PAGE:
My grandparents lived through the Depression in the 1930s.  One of my most vivid (and odd) memories of my grandfather was the fact that he kept about 500 empty milk jugs in a shed behind his house because he learned to never throw anything away because you might need it.  Decades after the Depression, my grandmother would tell me how many sheets of toilet paper I should use = 4!  I mean, who can wipe with four sheets of toilet paper?!woman-63191_1280

Now, on one hand, the Depression was an arduous and difficult time that emotionally scarred many of the people who lived through it, but I believe that we learn more during hard times than in good times.  In the good times, we enjoy.  In the hard times, we learn.

The Depression shaped my grandparents and their actions, which influenced the way that my parents thought about money.  My dad is handy with woodworking and built the majority of our house.  He taught me how to change oil in a car, hammer in a nail as he built our front deck, change a tire, shoot a shotgun, look for ‘sign’ (i.e. deer poop) while walking in the woods, fix stripped screw holes with toothpicks, dig up potatoes, along with about 1,000 other extremely useful tips and skills.  My mom was a super-saver before there were a 1,000 blogs about moms-that-save-money-so-that-their-family-could-be-awesome.  She used coupons at the grocery store, hung laundry to dry outside leaving our sheets smelling fresher than any dryer with ‘breezy freshness’ has ever done, cooked amazing home-grown vegetables, sewed awesome Halloween costumes, taught me how to do my own laundry, make a bed, and a never ending list of other items.  I watched my parents tithe at my church before paying other bills, pay for their cars in cash after saving up the money, drive cars for a decade or more before buying a new one, and never having a mortgage because my dad built the house as money was saved up.

My parents influenced who I became and a part of me has always loved saving money.  I was notorious for talking my grandmother into buying me things (primarily McDonald french fries) so I wouldn’t have to spend my savings.  It was many years later before I realized what an amazing gift my family had given me by teaching me early how to manage money responsibly.

So how has my life turned out?

  1. Unlike many graduates, I didn’t leave undergraduate school with debt but actually got a disbursement check for $1,000 in scholarship money that I got to take with me.
  2. After I got my first job, I immediately started saving 10% toward my 401(k) annually, which was one of the smartest things I have ever done.  Within seven years, I should be financially free if I wanted to stop working my day job.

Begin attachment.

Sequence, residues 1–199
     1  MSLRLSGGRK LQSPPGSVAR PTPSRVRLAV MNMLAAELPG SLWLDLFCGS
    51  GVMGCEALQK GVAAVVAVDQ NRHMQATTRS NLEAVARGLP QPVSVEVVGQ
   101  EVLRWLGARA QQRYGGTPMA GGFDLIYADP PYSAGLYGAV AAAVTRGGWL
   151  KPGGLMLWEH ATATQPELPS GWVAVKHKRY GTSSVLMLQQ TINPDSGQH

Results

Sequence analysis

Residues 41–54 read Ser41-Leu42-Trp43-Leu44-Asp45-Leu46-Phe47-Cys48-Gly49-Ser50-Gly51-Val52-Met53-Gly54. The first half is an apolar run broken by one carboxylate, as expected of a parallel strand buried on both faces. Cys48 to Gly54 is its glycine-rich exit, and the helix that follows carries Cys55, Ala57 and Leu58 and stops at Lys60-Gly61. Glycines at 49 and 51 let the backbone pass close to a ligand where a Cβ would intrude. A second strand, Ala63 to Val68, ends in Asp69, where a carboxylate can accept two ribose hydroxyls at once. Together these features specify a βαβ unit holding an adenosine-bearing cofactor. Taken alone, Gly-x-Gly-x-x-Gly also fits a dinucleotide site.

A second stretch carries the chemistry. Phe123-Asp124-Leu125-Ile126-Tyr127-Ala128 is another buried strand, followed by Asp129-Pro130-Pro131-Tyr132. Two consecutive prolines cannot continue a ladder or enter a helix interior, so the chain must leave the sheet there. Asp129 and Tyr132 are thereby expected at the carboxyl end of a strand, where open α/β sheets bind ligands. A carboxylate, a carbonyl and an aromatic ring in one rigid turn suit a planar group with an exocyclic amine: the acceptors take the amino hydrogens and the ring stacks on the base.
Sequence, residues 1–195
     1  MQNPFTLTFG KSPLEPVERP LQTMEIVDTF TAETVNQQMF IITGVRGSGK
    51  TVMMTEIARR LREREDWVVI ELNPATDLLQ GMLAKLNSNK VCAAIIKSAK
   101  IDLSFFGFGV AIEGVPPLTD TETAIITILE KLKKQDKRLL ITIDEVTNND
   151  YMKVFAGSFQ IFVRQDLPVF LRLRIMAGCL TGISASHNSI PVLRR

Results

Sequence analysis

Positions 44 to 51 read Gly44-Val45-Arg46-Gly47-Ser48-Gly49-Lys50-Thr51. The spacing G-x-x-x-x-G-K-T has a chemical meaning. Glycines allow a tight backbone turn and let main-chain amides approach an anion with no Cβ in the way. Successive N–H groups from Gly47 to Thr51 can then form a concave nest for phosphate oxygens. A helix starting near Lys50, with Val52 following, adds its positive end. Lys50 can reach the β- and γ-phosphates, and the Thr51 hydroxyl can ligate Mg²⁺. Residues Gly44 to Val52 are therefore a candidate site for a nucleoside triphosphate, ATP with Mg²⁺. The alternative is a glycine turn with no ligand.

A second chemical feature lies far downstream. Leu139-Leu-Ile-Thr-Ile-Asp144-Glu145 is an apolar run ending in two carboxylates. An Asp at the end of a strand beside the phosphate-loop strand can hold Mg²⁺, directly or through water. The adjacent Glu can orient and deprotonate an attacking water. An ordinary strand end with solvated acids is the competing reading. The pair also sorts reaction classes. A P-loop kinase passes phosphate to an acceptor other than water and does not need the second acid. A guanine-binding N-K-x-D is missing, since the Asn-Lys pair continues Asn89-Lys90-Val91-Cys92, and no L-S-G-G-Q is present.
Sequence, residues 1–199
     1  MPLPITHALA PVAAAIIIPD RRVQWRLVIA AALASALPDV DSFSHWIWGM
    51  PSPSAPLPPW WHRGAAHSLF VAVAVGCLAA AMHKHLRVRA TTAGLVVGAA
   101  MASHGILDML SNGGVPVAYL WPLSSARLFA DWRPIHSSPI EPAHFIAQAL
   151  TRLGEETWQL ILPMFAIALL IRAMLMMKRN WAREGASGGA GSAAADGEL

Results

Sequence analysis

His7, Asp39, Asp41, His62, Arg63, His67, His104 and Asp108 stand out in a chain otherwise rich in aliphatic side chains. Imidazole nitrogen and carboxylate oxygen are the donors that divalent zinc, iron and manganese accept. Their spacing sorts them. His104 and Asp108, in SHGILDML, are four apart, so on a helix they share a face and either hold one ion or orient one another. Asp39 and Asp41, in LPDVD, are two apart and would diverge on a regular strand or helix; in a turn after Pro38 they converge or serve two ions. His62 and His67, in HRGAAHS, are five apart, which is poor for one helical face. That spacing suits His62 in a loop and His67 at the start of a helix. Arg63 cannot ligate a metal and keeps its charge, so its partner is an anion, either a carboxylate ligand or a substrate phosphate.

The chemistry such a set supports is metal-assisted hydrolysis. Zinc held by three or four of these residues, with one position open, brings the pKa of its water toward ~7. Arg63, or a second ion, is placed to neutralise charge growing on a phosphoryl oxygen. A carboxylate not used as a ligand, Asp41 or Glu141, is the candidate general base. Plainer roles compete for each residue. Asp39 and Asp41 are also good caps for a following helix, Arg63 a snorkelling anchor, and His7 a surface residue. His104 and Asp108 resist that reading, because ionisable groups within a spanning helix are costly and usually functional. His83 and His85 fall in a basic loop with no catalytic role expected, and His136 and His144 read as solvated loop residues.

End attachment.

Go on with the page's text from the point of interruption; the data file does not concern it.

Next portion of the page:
3. Five years after I began working, I went back full time to a private graduate school to get my MBA.  This time I did leave with $55,000 in debt but I kept it from being twice that amount by picking a 1-year MBA program.  I worked in finance and wanted to stay in the finance area, so a 1-year program was a great fit for me as I did not need a summer internship to switch careers.  Also, I was out of work for only one year, only had to pay for one year of school, and had to pay for only a year of living expenses.  After that, I lived with roommates, saved money, and paid off the $55,000 in debt in less than 2.5 years.
  4. After having no debt, I must admit I was not as sure what to do next with my money.  So I saved up money for a 20% down payment for a house, which was purchase in November 2014.  Currently, I am working on paying the mortgage off in only 5 years.  So far I am 11 months into the 5 years and still on track.
  5. I also pursued and achieved the CFA (Chartered Financial Analyst) designation, which is a three year self-study program.  Must admit that was not the most fun time in my life given the excessive amount of time needed to study but what doesn’t kill you – makes you stronger.

So what now?

So now, I want to give back or pay it forward to others.  I have already had a lot of fun just starting this blog with wonderful ideas from my spectacular niece and nephew (Eva and Luke).  Eva came up with the blog name “Some Cents About Money” and both of them helped me buy the domain and get started writing.  Kudos to some of the most creative kids I know!

I am also excited about learning more as I write the blog as life is more full when you never stop learning.

Let me know your story!  Look forward to this journey of learning together.